Lorem ipsum dolor sit amet, consectetur adipiscing elit. Ut elit tellus, luctus nec ullamcorper mattis, pulvinar dapibus leo.

Progressive Retinal Atrophy (PRA) In Dogs

What Is Progressive Retinal Atrophy (PRA) In Dogs?

Progressive Retinal Atrophy (PRA) in dogs refers to a cluster of genetic conditions leading to eventual vision loss. Typically, dogs experience complete blindness within 1-2 years of symptom onset. PRA manifests either by the failure of retina development shortly after birth (early onset PRA) or the atrophy of retinal cells in adulthood (late onset PRA). The retina, a crucial layer of cells at the back of the eye, converts incoming light into signals interpreted by the brain. Photoreceptor cells, namely rods and cones, play pivotal roles in this process.

Rods facilitate black and white vision and motion detection, particularly in low light, aiding dogs in night vision. Cones, on the other hand, support color vision in well-lit environments. Dogs possess a higher number of rods and fewer cones compared to humans, granting them superior night vision but diminished color perception.

PRA typically impacts rods first, followed by cones, often noticeable when dogs struggle to see in dim lighting. While PRA can affect any dog breed or age group, certain breeds are at higher risk due to genetic mutations. Although vision loss is distressing for pet owners, PRA itself is not a painful process compared to other conditions resulting in blindness. Efforts are ongoing to understand how genetic mutations interact with various breeds in the development of PRA.

Two Forms of PRA in Dogs

Early-onset PRA, also known as retinal dysplasia, typically manifests in puppies around the time of weaning, generally between 8 to 12 weeks of age. In these young dogs, the rods and cones fail to develop correctly, resulting in a rapid decline in their ability to see.

Late-onset PRA, on the other hand, affects adult dogs aged between 3 to 9 years. This form represents a genuine atrophy, where the rods and cones gradually lose their functionality over time, leading to vision loss.

The symptoms of Progressive Retinal Atrophy (PRA) in dogs can vary depending on the individual dog and the speed at which the disease progresses. Some changes that pet parents may observe include:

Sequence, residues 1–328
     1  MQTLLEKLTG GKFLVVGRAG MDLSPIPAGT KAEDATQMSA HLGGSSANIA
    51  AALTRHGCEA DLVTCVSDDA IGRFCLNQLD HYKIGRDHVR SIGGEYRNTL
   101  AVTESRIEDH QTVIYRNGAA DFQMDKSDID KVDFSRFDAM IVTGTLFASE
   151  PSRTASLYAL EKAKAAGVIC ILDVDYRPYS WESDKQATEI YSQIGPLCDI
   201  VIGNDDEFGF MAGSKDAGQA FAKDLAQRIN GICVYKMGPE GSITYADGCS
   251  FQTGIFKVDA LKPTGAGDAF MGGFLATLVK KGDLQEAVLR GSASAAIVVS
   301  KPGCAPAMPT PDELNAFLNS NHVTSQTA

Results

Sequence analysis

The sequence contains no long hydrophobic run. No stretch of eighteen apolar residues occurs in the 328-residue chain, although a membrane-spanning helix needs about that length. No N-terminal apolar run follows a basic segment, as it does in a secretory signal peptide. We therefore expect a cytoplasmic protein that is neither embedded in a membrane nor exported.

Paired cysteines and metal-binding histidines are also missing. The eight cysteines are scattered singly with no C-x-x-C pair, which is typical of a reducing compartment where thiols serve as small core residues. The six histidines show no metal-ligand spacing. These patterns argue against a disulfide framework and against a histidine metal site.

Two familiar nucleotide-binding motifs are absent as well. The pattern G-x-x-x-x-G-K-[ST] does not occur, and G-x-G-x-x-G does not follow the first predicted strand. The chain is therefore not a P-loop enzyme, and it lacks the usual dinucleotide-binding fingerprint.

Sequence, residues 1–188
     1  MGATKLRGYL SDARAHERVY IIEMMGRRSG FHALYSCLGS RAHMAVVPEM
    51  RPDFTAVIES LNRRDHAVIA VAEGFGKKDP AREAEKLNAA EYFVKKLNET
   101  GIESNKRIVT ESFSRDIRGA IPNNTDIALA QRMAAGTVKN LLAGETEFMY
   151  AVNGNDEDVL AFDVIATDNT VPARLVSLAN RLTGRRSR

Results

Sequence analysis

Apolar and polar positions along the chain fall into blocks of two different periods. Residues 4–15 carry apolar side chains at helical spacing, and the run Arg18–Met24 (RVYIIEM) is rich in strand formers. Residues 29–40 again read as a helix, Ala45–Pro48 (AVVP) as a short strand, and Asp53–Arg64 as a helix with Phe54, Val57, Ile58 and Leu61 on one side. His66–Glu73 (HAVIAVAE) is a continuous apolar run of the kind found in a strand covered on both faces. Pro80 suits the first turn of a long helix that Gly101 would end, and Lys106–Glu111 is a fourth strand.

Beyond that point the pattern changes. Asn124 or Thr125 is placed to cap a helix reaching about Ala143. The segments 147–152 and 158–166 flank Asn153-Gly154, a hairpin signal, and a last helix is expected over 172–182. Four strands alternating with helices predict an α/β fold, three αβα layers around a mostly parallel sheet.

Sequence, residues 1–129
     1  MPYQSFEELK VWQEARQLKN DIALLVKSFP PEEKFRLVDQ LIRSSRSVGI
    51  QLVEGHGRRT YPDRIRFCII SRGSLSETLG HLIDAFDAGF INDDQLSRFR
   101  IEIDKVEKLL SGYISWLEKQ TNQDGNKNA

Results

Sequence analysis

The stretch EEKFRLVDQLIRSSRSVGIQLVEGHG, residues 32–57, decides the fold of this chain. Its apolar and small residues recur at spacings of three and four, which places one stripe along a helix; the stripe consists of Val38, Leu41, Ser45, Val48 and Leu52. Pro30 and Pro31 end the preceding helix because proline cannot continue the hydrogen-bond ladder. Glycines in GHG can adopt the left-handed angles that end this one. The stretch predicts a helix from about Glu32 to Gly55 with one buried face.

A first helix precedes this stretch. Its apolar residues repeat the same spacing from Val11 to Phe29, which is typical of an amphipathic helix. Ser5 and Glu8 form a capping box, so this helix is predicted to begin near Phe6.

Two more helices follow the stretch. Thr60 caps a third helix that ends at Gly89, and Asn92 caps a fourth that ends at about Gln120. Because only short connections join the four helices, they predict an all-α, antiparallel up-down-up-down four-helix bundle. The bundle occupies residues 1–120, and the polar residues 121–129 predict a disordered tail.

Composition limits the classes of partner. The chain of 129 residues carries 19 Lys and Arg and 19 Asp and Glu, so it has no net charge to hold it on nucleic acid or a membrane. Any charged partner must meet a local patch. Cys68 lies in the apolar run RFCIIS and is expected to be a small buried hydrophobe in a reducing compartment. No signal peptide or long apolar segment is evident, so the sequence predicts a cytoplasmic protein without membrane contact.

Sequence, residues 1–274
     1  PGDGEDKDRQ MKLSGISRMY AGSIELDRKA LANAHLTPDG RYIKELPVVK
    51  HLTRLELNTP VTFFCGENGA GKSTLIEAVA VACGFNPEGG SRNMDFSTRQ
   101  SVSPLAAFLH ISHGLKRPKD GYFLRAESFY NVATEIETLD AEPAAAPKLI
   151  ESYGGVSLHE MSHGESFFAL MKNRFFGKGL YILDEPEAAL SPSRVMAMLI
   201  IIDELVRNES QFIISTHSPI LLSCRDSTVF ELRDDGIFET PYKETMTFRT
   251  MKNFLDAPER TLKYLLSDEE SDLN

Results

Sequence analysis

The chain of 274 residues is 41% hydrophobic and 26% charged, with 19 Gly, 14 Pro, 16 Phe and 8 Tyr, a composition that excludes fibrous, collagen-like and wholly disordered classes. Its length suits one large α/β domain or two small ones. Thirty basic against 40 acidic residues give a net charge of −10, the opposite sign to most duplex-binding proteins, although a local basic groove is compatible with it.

• Reluctance to venture outside at night or enter dark rooms.
  • Increased clumsiness, leading to bumping into objects, especially in dimly lit areas, unfamiliar surroundings, or following changes in furniture arrangement.
  • Dilated pupils that gradually contract when exposed to light.
  • Enhanced reflectivity of the eyes in darkness, causing them to appear more luminous than usual when photographed with flash.
  • The presence of cataracts, which could be among the initial signs noticed by pet parents.


Symptoms of Progressive Retinal Atrophy (PRA) in dogs can vary based on the individual dog and the pace of the disease’s progression. Pet owners may observe the following changes:

  • Reluctance to venture outside during nighttime or to enter poorly lit rooms.
  • Increased clumsiness leading to bumping into objects, especially in dimly lit environments, unfamiliar surroundings, or after furniture rearrangement.
  • Dilated pupils that slowly contract when exposed to light.
  • More reflective eyes in low light conditions, noticeable by increased glow when captured in flash photography.
  • Onset of cataracts, which might be the initial sign prompting pet owners’ attention.


Causes of Progressive Retinal Atrophy (PRA) in dogs stem from an inherited disorder with no viable treatment options. In the majority of cases, PRA is triggered by an autosomal recessive trait. This means that a dog must inherit a faulty gene from both parents to develop the condition.

In certain dog breeds, PRA manifests as a dominant gene, where only one defective gene copy is needed for the condition to emerge. Additionally, some breeds exhibit a gender-linked version of PRA, with males being more susceptible than females.

While various genetic disorders leading to PRA have been pinpointed and can be identified through genetic testing, certain mutations remain unidentified. Therefore, negative genetic test results for PRA don’t guarantee immunity to the condition.